The Image Deconstructed

Spotlight on Todd Spoth

Nov 25, 2012


Please tell us about the image's context, background, the assignment, etc.


I met local Houston rap legend, Trae Tha Truth, on June 17th, 2011 while working on a cover shoot for 29-95, a special section for The Houston Chronicle that focuses on arts and entertainment. I had planned on doing the shoot at my home office. I called Trae around 9pm the same evening I got the assignment and tried to arrange the shoot for the next day. It turns out that he was a night owl like I am, so he showed up at my place with several friends later that night around 3am.  


Trae and I instantly hit it off. We had a great time shooting. It was rather unorthodox that I was shooting in my home space, but given the time constraints I didn't have time to book another studio. Trae and I continued to talk, and a month later I volunteered my time to photograph his annual Trae Day event, which is an official day in Houston where Trae holds an event and gives back to the community. A month after that, in August, Trae commissioned me to photograph the cover of his crew (ABN)'s upcoming album. We used my home office shooting space again, spending about two days photographing Trae and the other 4 members of ABN. I shot individual images of each member, as well as a group photo on white that was eventually used for the album cover.


Can you describe what was going on in your mind as the image took shape, and then also what you were thinking when you made the image?


One of the first members I photographed was Pyrexx. I had virtually no information about the rest of the crew until each showed up, so my usual practice of doing my research was out of the question. I was able to find out that Pyrexx was white, had a lot of tattoos, and spent time in jail.  I originally photographed Pyrexx individually against a small 6' grey seamless using a focused grid off to the right side of the frame to create some dimension/drama and used a little kick of ring to fill in some of the harsh shadows.

Pyrexx walked in with a jet black tall tee with fresh creases - as if it was straight it out of the packaging - and a pair of black jeans starched down in perfect Houston form. After I made some frames of him in the all black outfit, I made the choice to photograph him in his white undershirt instead of the black outfit:  the tee covered up a lot of his tattoos and with his fair complexion, the black shirt created more of a headache to light and expose properly.  

During the shoot I really just let him do his thing. Rappers, whether huge moguls or upcoming stars, know they have to work for the camera. It's just something they do well - I have yet to come across a rapper who is uncomfortable in front of the camera. And if they are a bit awkward, that awkwardness usually ends up translating into something rad in the final result.  

The image of Pyrexx putting his glasses on was instantly my standout select from his images. Ironically it wasn't a shot where I instructed him to pose like that, but rather a frame that I captured as he was in the act of putting his glasses on.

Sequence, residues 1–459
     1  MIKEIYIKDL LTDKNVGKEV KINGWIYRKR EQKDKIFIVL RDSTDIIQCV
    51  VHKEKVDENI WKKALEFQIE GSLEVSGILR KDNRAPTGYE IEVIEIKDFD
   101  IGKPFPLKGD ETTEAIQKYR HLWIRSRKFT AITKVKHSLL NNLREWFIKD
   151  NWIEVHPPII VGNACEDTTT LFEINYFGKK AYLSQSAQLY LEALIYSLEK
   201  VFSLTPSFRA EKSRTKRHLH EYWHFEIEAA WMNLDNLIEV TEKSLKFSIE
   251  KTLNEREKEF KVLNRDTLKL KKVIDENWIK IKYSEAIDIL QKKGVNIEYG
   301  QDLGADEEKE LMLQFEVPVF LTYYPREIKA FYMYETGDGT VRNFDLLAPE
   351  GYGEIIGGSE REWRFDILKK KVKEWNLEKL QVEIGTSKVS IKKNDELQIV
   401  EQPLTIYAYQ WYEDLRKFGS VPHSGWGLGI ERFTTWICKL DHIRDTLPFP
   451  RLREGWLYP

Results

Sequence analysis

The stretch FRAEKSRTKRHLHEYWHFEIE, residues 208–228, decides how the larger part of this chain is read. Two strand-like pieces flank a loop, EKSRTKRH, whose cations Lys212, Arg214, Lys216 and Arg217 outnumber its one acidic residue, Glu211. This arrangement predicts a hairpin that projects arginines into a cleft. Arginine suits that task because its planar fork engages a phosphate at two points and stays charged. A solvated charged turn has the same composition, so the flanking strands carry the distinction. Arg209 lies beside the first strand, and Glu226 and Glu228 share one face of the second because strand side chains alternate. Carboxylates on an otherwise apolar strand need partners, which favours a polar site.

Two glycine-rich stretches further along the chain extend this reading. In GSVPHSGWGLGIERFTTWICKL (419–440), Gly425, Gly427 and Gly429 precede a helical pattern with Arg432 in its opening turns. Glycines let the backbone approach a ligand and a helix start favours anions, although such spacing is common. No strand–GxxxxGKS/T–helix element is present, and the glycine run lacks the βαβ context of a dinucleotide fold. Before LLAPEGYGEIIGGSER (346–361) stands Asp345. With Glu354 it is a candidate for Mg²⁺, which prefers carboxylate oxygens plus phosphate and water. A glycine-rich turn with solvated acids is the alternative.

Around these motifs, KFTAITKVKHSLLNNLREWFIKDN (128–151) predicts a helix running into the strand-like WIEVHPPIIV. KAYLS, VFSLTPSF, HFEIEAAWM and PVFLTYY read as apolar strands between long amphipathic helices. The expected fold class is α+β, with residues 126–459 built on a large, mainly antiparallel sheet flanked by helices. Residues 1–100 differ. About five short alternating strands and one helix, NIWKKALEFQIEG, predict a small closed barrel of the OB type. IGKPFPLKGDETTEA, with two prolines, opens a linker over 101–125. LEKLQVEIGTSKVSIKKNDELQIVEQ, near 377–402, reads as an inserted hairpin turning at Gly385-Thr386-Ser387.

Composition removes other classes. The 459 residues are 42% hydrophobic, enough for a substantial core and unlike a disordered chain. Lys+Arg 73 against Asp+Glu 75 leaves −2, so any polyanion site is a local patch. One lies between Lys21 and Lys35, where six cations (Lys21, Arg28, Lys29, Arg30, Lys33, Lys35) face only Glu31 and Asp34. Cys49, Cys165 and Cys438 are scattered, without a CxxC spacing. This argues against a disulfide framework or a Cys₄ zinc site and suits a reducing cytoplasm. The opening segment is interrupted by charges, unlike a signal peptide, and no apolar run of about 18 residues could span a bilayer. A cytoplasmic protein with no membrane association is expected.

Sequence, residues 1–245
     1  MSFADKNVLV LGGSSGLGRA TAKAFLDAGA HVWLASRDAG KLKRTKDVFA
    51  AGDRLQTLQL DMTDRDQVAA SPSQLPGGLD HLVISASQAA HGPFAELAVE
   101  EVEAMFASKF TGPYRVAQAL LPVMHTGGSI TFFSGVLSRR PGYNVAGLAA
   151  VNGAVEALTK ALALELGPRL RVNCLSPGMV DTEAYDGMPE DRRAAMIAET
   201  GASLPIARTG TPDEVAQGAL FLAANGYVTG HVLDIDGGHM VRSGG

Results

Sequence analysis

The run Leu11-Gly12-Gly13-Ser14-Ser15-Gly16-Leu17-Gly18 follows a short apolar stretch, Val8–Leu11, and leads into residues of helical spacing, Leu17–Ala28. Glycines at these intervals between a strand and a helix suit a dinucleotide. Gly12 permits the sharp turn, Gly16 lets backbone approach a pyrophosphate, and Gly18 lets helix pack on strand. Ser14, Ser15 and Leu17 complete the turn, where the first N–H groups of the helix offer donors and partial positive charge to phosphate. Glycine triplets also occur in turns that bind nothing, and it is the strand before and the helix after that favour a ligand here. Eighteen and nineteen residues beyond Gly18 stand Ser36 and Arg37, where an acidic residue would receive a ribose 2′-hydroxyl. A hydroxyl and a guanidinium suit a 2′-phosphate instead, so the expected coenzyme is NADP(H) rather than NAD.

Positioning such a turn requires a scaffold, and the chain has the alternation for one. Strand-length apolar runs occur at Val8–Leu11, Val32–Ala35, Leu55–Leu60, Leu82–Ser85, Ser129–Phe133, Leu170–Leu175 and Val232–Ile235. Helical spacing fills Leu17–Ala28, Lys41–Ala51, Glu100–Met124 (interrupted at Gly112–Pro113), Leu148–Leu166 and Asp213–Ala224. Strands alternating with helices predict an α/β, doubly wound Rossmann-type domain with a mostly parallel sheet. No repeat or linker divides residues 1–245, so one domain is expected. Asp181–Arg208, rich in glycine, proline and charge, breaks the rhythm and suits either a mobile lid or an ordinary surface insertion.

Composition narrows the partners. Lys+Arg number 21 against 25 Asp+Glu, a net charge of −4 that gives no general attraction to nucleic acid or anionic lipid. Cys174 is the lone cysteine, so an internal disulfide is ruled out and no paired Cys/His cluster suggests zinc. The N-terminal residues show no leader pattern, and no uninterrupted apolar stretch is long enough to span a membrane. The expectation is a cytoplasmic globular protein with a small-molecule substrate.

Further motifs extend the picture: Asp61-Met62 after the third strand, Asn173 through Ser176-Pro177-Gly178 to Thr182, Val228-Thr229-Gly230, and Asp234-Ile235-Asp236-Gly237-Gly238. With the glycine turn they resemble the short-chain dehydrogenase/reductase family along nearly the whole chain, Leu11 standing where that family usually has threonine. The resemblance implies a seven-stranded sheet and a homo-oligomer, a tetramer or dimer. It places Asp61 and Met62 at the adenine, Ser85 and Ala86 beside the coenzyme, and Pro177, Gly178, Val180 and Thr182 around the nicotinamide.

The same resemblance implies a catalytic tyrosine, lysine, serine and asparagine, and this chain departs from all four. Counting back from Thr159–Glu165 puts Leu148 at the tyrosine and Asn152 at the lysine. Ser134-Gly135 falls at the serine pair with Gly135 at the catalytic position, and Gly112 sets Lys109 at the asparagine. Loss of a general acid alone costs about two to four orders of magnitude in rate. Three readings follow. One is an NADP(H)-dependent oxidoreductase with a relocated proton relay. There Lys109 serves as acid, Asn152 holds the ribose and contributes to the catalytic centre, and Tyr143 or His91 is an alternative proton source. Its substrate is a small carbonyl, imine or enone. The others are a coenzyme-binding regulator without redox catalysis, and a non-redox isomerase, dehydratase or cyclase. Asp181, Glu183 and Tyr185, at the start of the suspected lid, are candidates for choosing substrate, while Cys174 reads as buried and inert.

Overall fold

Now more than a year later, I know Trae and all of his normal crew well enough to not feel intimidated or scared to suggest or try something new. I've photographed, met and helped on shoots with enough big names to not get starstruck or awkward around talent, but Trae and his people can be a bit intimating when you first meet them. In the past several years I have photographed tons of hip-hop and entertainment artists - confidence plays a huge part. I have be able to establish myself enough so that artists feel comfortable with me photographing them, AND I utilize that confidence myself when I shoot. With posing a subject, some are better than others. I usually let them show me what they come up with before then I show them the images. I allow the subjects to see what I'm looking at and adjust.

I don't usually make a habit of showing images during a shoot, but for rappers it usually works out, especially if they are unfamiliar with my work beforehand. I'll show them a frame or two from the shoot and they'll be super into it.

Unless I am doing something conceptual with a preconceived idea in mind ahead of time, the artist needs to feel comfortable. I have found it best to take their natural poses and tweak them a bit to translate better for the portrait instead of completely contorting them into something they are uncomfortable with, because that will be very apparent in the image.  



What were some problems or challenges you encountered during the coverage of this event, and how did you handle them?


I didn't have a lot of time to plan and didn't really have the budget for anything too conceptual or outlandish. At this point Trae was familiar with my work and just wanted some portraits for promotional usage as well as a group photo on white for the album cover. I would have loved to have the time and budget for something a little more complex, but given the situation I was happy with the final collection of images.